Posted Thursday, October 8, 2009 | Review Permalink
4 stars HUNGARIAN PROG : Part One

Janos Varga is the founding member and guitar player of the legendary Hungarian progrock formation East that made several albums in the first part of the Eighties, their LP Huseg (1982) is considered is their best effort. Then Janos was very active in several musical projects and in the late Nineties he founded the Janos Varga Project. He released the studio-albums The Wings Of Revalations I (2000) and II (2002) and in 2003 the Janos Vargo Project DVD entitled Live The Wings Of Revalation. On this outstanding (and very underrated) efforts I enjoyed the variety: in his often powerful guitar work (from propulsive riffs and fiery runs to classical guitar and sensitive with subtle use of the volume pedal) and in the compositions (from rock and blues to New Age and symphonic rock).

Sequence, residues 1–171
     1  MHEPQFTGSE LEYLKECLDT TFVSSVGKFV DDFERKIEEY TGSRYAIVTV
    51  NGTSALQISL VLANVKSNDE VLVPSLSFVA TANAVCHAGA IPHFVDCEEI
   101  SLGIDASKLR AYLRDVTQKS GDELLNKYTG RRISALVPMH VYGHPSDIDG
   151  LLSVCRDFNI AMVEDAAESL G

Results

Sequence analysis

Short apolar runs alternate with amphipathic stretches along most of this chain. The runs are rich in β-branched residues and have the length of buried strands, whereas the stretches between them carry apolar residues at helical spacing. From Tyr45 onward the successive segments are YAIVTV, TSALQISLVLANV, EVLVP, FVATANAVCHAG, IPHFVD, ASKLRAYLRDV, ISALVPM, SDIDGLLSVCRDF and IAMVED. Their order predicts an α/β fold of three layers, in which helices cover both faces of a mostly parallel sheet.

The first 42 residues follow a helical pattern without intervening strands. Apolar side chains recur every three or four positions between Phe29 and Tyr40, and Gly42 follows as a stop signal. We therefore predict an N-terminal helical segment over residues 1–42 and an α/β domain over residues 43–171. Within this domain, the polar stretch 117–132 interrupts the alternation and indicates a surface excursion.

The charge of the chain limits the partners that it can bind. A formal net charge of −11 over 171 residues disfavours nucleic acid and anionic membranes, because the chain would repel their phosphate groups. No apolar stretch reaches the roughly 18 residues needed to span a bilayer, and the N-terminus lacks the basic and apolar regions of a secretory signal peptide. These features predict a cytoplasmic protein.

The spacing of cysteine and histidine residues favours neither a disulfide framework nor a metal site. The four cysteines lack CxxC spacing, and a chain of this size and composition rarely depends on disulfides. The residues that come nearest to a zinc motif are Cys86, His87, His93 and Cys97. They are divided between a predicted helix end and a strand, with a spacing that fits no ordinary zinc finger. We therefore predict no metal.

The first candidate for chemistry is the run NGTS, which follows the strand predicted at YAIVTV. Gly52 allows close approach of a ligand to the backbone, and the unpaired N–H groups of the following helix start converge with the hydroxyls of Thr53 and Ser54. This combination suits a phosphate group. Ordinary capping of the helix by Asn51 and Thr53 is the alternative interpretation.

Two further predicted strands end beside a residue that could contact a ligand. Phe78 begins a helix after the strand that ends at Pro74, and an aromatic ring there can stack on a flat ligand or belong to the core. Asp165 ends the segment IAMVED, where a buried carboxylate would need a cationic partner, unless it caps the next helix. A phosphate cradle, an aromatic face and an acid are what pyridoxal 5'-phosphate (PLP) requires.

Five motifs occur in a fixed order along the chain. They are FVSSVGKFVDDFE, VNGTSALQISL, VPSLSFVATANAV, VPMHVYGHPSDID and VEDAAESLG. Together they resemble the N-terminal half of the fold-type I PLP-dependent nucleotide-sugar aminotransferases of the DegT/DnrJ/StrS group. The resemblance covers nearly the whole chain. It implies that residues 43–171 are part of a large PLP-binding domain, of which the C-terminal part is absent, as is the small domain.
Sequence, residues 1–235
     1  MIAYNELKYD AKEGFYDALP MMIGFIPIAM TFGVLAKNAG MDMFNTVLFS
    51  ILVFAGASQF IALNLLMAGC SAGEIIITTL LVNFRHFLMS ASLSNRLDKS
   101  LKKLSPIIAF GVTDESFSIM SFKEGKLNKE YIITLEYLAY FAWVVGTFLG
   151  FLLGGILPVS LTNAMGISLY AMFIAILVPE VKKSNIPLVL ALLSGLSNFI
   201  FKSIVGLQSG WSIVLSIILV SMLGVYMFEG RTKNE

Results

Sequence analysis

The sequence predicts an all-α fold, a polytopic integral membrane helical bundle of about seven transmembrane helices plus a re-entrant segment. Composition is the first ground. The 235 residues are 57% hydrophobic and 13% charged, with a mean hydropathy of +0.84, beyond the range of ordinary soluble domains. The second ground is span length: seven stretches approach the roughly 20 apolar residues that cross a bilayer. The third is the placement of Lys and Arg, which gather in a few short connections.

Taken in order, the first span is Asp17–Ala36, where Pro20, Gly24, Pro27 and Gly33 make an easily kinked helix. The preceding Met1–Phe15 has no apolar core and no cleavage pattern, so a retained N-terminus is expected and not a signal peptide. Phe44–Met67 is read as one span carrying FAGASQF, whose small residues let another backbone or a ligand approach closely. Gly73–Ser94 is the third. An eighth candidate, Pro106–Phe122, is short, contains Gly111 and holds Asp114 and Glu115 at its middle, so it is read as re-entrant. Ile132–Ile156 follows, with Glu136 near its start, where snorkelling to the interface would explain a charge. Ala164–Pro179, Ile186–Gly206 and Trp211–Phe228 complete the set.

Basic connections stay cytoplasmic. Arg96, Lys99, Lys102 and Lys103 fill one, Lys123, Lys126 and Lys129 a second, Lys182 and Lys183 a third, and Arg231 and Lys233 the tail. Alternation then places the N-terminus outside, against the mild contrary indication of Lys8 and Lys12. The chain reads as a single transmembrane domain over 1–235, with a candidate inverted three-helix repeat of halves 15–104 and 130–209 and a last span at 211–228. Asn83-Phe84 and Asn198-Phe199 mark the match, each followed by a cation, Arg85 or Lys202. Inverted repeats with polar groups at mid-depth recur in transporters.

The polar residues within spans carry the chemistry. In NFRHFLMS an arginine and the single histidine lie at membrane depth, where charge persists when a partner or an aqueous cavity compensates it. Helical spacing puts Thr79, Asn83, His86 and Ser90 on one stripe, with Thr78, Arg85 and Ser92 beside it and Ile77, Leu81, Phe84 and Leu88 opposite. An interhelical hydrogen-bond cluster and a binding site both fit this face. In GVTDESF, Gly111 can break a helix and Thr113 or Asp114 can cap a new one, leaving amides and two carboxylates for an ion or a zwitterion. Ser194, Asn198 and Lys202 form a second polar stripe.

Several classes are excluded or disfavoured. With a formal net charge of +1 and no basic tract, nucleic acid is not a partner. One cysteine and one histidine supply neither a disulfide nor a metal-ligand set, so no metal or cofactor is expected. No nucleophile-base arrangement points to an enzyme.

In 2009 the Janos Varga Project released a new studio-album entitled Elixer on which Janos (guitars, synthesizers and bass) plays together with original East-drummer Istvan Kiraly, keyboard player Zsolt Nagy and Gyorgy Ferenczi on violin. Again we can enjoy a lot of variety and powerful guitar work. But on this album the violin adds a new element to the sound of Janos Varga Project: strong solos and captivating interplay with the electric guitar in the Eastern sounding India, the alternating Eldorado and Pentatonic Attack (evoking JL Ponty).